General Crafting: Jewelry & Gem Refining
  There are literally tons of gems and various jewelry hoarded around Rubi-Ka, by monsters or bandits, or hidden in chests. The craft of refining these items for a living is however a sadly forgotten craft. Perhaps our new guide on gems & jewelry will shed some light on things?      
  When the creation of jewelry first appeared as a craft on Rubi-Ka from the old world, it was quickly written off as an obsolete line of work. Most believed it was too much work, for too little gain, and that easier living could be made elsewhere. Our latest research however suggest that the initial perception might have been flawed. Jewelry crafting requires a love for the handcraft, dedication and creativity. There's still time to produce a couple Faberges of our own, so read on.

Let's begin with the native gems most commonly found on Rubi-Ka, and move on to the rarer ones and even the crudely pre-refined ones.

Note that they come with various names, even within the same type, only distinguished by the most skilled of gemcutters. Take the ruby as an example - a highly valuable gem used only in the most magnificent of creations. Now, to the untrained eye however, a "Rubi-Ka Ruby" might look like a ruby, and feel like a ruby - it is even called a ruby for it's similar appearance, but in reality is just a piece of hardened terraforming residue most crafters would snort at. Know your gems is our only advice, as throwing away a Ruby thinking it's a Rubi-Ka Ruby is just as embarrassing as trying to sell a piece of glass to a jeweler.

    - Ruby
- Rubi-Ka Ruby
    - Ember  
    - Gem     - Silver Onyx
- High Quality Silver Onyx
    - Spring Crystal
- Flawless Spring Crystal
    - Rubi-Ka Pearl  
    - Silver Pearl
- Blue Pearl by Conner
- Soul Sphere by Divaad
    - Crystal Sphere  
    - Cold Stone
- Dull Pearl of Silver
  by Omni-Med
    - Ember Sphere  
    - Hot Stone     - Soul Fragment  
    - Gold 2 Sphere Pearl by   Peters & Tool     - Shining 2 Sphere by Pearl,   Peters & Tool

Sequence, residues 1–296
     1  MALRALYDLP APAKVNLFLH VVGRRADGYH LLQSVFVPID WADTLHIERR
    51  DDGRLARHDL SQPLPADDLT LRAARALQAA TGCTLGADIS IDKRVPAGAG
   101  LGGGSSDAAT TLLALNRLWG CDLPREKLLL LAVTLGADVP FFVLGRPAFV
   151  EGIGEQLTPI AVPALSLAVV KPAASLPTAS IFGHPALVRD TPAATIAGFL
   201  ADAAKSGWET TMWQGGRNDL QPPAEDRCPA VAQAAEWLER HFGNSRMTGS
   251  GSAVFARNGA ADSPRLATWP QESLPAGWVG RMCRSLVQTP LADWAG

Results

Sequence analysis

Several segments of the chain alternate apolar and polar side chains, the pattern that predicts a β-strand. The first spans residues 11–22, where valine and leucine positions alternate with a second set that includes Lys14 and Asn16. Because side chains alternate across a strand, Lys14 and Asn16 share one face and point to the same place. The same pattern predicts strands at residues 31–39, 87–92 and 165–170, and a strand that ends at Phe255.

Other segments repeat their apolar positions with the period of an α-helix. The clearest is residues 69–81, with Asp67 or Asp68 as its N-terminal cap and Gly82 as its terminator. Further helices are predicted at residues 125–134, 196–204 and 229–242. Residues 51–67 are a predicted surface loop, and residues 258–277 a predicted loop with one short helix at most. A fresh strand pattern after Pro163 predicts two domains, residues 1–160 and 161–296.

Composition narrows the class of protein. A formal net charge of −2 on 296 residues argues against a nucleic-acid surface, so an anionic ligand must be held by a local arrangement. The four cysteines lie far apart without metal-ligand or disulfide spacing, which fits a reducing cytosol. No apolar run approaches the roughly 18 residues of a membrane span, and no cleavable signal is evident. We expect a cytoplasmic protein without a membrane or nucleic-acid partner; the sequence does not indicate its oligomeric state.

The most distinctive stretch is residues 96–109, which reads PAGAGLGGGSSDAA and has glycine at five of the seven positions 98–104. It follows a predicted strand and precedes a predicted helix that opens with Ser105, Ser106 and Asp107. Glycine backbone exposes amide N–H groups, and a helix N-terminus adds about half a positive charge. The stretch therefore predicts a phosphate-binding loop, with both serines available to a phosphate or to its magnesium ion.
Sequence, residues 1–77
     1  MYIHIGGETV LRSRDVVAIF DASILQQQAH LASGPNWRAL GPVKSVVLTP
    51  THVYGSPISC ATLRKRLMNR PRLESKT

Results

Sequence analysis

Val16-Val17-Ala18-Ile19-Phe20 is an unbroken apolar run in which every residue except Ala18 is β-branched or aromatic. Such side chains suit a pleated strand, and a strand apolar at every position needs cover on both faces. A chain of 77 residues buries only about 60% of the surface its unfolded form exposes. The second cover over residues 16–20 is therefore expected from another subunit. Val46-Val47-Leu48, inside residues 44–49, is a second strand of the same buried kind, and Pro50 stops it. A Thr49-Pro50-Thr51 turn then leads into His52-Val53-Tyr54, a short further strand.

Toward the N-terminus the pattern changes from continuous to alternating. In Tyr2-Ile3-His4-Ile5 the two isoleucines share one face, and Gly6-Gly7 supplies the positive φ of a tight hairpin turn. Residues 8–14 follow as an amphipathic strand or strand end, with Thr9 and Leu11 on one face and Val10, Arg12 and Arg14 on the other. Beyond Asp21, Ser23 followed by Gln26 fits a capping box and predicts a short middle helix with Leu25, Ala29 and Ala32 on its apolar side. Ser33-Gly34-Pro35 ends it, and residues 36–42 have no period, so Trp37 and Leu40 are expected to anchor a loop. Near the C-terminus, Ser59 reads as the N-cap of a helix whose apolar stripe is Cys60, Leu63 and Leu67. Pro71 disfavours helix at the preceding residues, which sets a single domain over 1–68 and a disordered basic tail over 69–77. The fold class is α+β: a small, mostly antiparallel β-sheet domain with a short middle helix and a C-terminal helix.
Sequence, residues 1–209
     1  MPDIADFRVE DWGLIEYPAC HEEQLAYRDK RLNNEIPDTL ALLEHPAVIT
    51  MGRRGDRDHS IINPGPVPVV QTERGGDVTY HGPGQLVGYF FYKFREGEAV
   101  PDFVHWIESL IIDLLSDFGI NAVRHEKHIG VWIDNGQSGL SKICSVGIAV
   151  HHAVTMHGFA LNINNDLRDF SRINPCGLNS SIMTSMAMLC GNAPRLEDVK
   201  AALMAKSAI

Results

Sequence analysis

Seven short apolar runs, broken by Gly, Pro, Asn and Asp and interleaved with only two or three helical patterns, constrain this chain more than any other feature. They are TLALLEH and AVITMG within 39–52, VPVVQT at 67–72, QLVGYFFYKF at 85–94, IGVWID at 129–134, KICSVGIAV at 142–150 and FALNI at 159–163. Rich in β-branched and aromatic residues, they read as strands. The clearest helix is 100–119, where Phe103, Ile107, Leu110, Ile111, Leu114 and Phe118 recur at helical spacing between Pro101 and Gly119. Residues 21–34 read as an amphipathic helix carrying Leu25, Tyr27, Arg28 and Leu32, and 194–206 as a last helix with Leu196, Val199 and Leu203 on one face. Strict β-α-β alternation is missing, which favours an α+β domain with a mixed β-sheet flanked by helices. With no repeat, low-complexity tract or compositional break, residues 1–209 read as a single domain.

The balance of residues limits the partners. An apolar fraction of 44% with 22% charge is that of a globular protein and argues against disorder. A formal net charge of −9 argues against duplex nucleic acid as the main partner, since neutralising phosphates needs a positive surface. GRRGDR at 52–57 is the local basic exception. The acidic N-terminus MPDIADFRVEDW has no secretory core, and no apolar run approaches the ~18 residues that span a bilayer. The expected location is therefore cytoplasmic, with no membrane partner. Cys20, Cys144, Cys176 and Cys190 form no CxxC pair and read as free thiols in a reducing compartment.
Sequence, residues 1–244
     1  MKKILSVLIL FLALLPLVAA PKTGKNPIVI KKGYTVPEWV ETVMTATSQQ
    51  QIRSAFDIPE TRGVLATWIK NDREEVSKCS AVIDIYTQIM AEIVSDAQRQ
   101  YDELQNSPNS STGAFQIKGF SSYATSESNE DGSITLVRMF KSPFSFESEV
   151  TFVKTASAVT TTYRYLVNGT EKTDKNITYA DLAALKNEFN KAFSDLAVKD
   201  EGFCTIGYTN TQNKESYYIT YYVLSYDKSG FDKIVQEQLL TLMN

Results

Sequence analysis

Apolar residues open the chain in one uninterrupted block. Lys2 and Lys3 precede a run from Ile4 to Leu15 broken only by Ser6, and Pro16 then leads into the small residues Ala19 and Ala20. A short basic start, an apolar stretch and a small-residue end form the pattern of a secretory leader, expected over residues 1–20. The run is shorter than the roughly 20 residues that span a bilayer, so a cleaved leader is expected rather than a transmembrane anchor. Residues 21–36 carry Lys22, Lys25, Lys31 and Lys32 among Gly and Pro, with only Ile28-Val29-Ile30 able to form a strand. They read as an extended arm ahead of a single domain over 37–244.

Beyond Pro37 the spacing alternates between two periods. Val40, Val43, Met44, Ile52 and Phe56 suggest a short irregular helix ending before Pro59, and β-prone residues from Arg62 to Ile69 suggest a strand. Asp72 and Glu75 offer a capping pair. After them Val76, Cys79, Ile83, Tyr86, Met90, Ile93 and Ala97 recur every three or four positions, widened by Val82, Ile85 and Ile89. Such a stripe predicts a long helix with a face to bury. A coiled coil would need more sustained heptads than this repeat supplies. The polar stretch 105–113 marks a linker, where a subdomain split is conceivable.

Some of these are quite common, while others are processed and rare - the Dull Pearl of Silver by Omni-Med is rare, while the Soul Sphere by Divaad is extremely rare. They are all classified as gems though. Free market value also play in here, so be careful. High quality Soul Fragments are used in the production of Virral Eggs, and will definitely catch a much better price as a component than processed into generic jewelry.

Well, that was the gems. Let's move on to the next part - all the common pre-produced jewelry floating around. Although most of this is good jewelry in itself and is priced proportionately to stores, most true crafters will simply see these mass-produced items as building material for their own creations. We'll also include building materials themselves here, as these can be found naturally on Rubi-Ka.

These first types can all be melted down to Gold, the second most valuable material. More on the melting process below.

    - Marriage Ring     - Golden Ring  
    - Golden Bracer     - Bracelet of Ka  
    - Golden Sphere     - Golden Nugget  

These things all melt down to Silver, the least valuable material.

    - Engagement Ring     - Flower Ring  
    - Snake Ring     - Pink Ring  
    - Ring of Zern     - Ring of Suffering  
    - OT Ring     - Toe-ring  
    - Silver Nugget     - Ring of Power, all types
(Yes, you can melt these down,
so be careful)

There is also a third material, by far the most valuable - platinum - but for some strange reason nothing found on Rubi-Ka will actually melt down to this. You can still find pre-melted platinum ingots though, so my only guess is that it's shipped in from off-planet. There are also a few other gadgets found on Rubi-Ka that would appear to be useful, but it seems some of them have nano-inhibitors preventing them from being destroyed. A list for this further down.

Now, all materials and bases covered, let's get down to trying to make something out of all of this. We'll start by refining the gems. For this you need a Jensen Gem Cutter, bought from the Tools for Electrical and Mechanical Engineering booth. Use this tool on the gem to cut it into a sparkly nice "Perfectly Cut" counterpart. For an example, using the Jensen Gem Cutter on a Ruby will make a Perfectly Cut Ruby, whereas an Ember Sphere would turn into a Perfectly Cut Ember Sphere. This process requires Mechanical Engineering, in the scale of 5 points of ME skill per quality of the gem. For example, making a Q100 Perfectly Cut Ruby from a Q100 Ruby requires 500 Mechanical Engineering skill.

  + =   A Jensen Gem Cutter used on a Spring Crystal
makes a Perfectly Cut Spring Crystal

Already into the whole refinement process here and increasing value and quality as we go, let's look at this a bit closer. There are outside factors that play in here, but we'll try and explain what happens as best we can value-wise. It appears the gems are grouped into various "value-groups", where some gems are more expensive than others. Explaining the exact value of a gem in it's various stages and the value increase is close to impossible as the base values for the various gems and their quality level is exponential. In addition, your Computer Literacy skill plays in here, and so does your faction-affiliation and even the type of shop you sell to. We'll try to break it down to basics anyway.